The Natalie F. Hardwicke Best Student Paper Award recognises exceptional quality publications by PhD students exhibiting innovative box-breaking research. The Hardwicke Family Trust, in consultation with the AAIS, established the award in 2019 in memory of Natalie Hardwicke. The award includes a $1500 prize from the Hardwicke Family Trust and is administered by AAIS.
The nominated paper can address any topic related to the Information Systems discipline but must be published, or accepted for publication, in either a journal or a conference in the year preceding the year of the award. In addition, to be eligible, the nominee must be a current PhD student or be within one year of graduating from their PhD studies. The conferring university must be based in Australia, New Zealand, or another Oceanic Nation. Co-authored papers may also be nominated if the student is the lead author. Nominations can be self-nominations or made by the PhD supervisor.
The nominations must include the following:
- an electronic version of the article
- a statement from the publisher relating to the paper acceptance, if the article has not yet been published
- a signed and fully completed application form.
The submission deadline is announced annually via the AAIS mailing list (IS-Aus). These dates usually fall in October-November and the Prize is announced at the annual Australasian Conference on Information Systems (ACIS), which is usually held in early December. The winner will also be notified in writing.
2019 deadline: 15th November 2019
Nominations are to be sent via email to the AAIS President and AAIS Secretary (see http://aaisnet.org/ for details), for distribution to the Judging Panel. All components of the nomination, as listed above, need to be submitted electronically. The files can be either Word (.doc/docx) documents or pdf files.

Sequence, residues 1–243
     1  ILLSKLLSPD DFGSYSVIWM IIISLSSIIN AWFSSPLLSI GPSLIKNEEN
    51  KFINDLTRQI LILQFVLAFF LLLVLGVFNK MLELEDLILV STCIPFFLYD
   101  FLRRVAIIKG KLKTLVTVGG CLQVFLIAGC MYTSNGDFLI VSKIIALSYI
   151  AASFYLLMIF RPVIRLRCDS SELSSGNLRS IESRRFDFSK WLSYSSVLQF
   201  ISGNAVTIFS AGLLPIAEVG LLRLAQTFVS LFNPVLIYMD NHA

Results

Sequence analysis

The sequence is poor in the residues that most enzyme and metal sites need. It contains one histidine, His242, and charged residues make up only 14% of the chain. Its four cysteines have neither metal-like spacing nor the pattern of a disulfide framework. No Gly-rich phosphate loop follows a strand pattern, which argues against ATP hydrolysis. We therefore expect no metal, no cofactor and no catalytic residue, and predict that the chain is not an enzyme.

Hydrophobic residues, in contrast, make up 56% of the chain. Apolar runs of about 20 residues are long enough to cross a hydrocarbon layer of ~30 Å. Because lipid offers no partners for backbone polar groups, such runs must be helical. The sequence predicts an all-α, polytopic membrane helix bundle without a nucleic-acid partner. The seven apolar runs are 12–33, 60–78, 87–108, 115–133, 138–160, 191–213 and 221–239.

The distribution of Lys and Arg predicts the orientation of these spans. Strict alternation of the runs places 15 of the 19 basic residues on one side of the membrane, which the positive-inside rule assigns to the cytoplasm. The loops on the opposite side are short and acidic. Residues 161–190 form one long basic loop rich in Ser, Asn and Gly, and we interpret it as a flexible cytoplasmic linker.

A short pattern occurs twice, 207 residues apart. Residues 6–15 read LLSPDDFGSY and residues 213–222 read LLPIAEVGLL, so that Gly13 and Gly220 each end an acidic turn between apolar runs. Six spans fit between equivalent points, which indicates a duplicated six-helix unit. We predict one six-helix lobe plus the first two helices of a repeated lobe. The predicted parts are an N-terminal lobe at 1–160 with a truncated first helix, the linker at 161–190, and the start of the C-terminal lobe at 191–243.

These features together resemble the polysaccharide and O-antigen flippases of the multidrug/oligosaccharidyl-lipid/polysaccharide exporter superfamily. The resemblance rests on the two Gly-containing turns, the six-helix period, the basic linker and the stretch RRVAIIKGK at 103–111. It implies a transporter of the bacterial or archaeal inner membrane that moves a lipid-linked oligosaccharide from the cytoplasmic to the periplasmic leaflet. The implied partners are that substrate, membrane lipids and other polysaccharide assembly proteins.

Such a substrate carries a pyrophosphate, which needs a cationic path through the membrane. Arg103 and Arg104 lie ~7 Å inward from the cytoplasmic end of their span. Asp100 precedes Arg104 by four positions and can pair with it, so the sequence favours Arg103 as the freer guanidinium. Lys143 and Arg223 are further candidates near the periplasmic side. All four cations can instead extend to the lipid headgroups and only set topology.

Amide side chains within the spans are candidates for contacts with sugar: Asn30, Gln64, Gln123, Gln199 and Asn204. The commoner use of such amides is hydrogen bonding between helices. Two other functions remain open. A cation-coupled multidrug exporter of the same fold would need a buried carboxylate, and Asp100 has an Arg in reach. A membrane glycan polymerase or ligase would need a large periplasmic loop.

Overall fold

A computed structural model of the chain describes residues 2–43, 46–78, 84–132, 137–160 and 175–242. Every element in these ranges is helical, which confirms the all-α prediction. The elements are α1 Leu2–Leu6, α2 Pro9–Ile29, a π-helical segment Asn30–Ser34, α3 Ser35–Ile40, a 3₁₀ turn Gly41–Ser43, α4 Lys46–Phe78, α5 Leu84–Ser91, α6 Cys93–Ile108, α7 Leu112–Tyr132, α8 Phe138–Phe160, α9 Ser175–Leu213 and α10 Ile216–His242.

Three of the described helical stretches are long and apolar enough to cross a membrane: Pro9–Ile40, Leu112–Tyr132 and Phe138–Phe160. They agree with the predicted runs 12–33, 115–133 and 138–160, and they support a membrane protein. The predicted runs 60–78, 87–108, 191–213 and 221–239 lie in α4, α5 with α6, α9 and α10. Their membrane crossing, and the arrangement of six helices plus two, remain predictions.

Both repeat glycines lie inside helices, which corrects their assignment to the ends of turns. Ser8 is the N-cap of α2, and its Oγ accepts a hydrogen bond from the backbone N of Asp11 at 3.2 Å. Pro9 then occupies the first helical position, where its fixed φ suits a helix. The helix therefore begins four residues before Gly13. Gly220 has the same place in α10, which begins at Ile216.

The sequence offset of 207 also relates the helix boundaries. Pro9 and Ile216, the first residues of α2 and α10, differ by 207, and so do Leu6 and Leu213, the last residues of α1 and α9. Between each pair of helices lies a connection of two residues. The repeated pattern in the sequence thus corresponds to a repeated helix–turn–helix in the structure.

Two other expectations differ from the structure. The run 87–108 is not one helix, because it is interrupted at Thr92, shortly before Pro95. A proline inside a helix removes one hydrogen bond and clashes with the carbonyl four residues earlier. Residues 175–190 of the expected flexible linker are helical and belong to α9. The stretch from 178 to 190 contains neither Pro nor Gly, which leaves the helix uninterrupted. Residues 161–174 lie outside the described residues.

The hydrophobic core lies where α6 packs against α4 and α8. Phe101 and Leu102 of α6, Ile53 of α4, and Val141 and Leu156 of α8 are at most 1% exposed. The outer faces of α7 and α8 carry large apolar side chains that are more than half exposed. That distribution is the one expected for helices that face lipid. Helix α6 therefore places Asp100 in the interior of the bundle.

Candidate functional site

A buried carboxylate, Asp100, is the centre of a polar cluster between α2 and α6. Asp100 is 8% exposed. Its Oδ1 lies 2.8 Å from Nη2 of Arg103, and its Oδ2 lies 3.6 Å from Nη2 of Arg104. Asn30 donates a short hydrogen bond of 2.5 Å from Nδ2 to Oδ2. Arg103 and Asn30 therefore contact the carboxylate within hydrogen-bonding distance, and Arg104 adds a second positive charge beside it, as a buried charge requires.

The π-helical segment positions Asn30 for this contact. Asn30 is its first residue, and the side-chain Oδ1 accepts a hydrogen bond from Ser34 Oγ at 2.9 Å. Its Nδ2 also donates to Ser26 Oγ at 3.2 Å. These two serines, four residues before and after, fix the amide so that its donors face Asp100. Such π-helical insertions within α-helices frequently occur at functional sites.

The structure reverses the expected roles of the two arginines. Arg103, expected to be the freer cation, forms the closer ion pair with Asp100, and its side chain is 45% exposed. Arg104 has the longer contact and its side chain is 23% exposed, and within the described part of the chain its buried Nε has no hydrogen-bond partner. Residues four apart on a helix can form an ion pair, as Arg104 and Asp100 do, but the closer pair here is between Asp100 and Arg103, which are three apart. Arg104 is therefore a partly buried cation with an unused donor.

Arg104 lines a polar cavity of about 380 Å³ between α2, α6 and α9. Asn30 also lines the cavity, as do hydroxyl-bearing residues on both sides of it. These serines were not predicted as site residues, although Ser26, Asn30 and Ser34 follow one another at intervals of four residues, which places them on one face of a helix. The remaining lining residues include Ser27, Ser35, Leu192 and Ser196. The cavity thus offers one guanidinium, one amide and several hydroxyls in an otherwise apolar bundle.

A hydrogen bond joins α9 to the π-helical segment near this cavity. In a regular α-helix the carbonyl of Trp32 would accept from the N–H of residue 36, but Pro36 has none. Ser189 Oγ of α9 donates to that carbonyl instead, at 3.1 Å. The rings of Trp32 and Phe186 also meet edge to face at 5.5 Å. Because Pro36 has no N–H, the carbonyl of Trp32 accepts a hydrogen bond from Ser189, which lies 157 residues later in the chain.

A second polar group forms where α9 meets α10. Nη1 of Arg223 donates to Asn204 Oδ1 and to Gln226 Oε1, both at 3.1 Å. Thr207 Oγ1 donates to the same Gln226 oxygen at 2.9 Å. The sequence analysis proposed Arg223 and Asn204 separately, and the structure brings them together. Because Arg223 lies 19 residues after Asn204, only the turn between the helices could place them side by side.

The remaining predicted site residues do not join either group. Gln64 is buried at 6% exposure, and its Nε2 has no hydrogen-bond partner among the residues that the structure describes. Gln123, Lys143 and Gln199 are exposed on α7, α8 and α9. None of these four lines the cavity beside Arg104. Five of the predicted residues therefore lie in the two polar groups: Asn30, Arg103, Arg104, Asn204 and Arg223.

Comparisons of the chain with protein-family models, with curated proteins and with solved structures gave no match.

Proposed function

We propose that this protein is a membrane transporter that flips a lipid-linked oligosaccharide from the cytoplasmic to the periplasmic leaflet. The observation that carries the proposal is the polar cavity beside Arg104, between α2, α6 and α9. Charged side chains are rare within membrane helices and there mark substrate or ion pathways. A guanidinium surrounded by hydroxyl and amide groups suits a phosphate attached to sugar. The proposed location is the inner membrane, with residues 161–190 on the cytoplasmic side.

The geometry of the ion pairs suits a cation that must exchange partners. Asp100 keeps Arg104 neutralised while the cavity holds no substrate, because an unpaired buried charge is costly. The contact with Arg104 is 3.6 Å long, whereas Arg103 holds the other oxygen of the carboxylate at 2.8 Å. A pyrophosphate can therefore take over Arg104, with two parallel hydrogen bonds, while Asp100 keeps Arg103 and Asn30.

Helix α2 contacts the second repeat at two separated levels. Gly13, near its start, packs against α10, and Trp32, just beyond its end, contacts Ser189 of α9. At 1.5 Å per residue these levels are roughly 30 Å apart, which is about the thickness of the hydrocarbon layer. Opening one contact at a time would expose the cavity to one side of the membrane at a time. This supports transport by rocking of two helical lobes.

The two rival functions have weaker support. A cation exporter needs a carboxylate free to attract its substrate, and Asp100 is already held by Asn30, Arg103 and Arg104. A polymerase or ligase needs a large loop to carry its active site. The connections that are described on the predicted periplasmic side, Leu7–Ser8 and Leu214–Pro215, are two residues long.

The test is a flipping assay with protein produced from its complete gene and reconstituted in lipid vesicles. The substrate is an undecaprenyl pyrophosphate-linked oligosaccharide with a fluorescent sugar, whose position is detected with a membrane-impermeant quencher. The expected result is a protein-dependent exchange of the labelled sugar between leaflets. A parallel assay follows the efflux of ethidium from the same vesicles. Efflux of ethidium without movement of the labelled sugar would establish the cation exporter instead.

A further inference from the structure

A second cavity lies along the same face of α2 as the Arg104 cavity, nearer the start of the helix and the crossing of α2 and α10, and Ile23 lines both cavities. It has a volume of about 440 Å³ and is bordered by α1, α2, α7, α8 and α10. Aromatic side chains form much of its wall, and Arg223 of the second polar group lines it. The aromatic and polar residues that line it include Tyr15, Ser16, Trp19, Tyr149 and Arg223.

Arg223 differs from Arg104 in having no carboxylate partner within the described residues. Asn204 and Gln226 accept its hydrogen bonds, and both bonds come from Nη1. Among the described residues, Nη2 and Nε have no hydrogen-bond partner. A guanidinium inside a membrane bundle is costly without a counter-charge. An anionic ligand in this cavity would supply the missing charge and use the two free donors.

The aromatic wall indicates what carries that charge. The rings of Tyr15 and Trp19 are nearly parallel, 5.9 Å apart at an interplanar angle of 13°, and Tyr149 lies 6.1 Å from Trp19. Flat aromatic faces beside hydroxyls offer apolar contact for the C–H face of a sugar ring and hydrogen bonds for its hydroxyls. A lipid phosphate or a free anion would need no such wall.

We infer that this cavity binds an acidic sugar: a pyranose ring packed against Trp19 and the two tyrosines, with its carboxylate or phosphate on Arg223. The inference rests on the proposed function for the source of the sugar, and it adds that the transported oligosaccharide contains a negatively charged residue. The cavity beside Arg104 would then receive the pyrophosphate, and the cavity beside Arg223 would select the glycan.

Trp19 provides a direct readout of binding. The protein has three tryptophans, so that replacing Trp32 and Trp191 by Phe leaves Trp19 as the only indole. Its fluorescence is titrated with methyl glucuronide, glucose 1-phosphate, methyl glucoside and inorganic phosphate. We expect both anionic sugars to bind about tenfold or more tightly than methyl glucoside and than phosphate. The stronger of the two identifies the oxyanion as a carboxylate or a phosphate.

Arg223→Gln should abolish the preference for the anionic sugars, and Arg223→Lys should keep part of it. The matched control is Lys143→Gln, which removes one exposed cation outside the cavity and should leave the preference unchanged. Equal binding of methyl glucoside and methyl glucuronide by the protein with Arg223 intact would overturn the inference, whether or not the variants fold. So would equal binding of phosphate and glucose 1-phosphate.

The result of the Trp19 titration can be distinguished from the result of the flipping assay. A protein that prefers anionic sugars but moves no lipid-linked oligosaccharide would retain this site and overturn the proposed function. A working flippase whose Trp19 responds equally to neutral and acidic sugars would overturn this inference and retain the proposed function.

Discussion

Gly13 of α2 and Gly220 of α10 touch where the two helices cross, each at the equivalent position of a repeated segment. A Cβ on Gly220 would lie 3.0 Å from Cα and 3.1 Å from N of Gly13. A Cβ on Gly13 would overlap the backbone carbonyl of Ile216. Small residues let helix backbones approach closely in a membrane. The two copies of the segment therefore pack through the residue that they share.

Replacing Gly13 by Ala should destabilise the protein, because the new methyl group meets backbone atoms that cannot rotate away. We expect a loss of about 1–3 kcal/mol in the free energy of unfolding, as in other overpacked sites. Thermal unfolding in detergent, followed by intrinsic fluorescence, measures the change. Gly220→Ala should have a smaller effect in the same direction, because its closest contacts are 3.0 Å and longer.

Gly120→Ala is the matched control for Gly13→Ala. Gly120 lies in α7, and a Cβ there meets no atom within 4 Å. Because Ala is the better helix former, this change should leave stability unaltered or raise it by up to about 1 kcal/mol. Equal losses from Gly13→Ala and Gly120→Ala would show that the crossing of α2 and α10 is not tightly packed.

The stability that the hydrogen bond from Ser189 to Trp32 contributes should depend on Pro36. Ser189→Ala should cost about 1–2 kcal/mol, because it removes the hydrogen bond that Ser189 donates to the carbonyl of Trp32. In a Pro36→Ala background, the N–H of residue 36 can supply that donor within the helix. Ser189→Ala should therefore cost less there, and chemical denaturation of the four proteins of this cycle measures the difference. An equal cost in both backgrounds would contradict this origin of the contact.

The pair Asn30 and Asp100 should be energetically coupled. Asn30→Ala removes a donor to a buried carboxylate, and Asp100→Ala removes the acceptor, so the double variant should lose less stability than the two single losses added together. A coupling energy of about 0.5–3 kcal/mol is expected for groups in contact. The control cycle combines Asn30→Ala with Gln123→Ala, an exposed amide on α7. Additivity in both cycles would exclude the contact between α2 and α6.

Each year the AAIS Executive will appoint a chair and two panel members to process the applications and make the recommendation to the AAIS Executive. The members will be three academics, at least two of whom must be from the Australasian region. The panel must contain one member from the University of Sydney Business School (Natalie’s home institution), and one Early Career Academic.
For 2019, the judging panel is composed of:
Professor Kai Riemer, University of Sydney (Panel Chair)
Assistant Professor Ella Hafermalz, VU Amsterdam
Professor Marta Indulska, University of Queensland
The award honours the traits displayed by Natalie Hardwicke in her short career as an academic. These traits have been articulated as:
- curiosity, asking interesting questions;
- independent, reflective thinking; and
- challenging of orthodoxies and box-breaking research.
The panel will assess the nominated articles on the above criteria and the winning author will be one who’s paper best demonstrates similar traits.
The award is offered annually but will only be awarded if the panel considers that one of the nominated papers meets the selection criteria.
Remembering Natalie Faye Hardwicke (2 January 1988 – 24 August 2018)
Natalie was a PhD candidate in the Discipline of Business Information Systems at the University of Sydney Business School, a member of the Digital Disruption Research Group, and a friend and colleague to many in the Information Systems community. She was the recipient of the “2016 Ripple Effect Group, Asia Pacific and The University of Sydney Business School Partnered PhD Research Scholarship”.
As an embedded practitioner-researcher, Natalie studied the work practices of a social technology consultancy business, The Ripple Effect Group (REG). Doing challenging empirical work, while at the same time deeply engaging with both the foundational knowledge of the discipline around technology implementation, as well as hermeneutic philosophical approaches, Natalie worked towards a novel conception of technology implementation as hermeneutic interpretation that puts people front and centre.
Natalie was a passionate, independent thinker, and curious human being with a wisdom and depth of knowledge beyond her years, who did not shy away from questioning taken-for-granted assumptions. Her legacy will live on in those who worked with and were influenced by her. While her work is left sadly unfinished, her ideas will remain influential beyond her lifetime. Natalie passed away suddenly and unexpectedly in her sleep.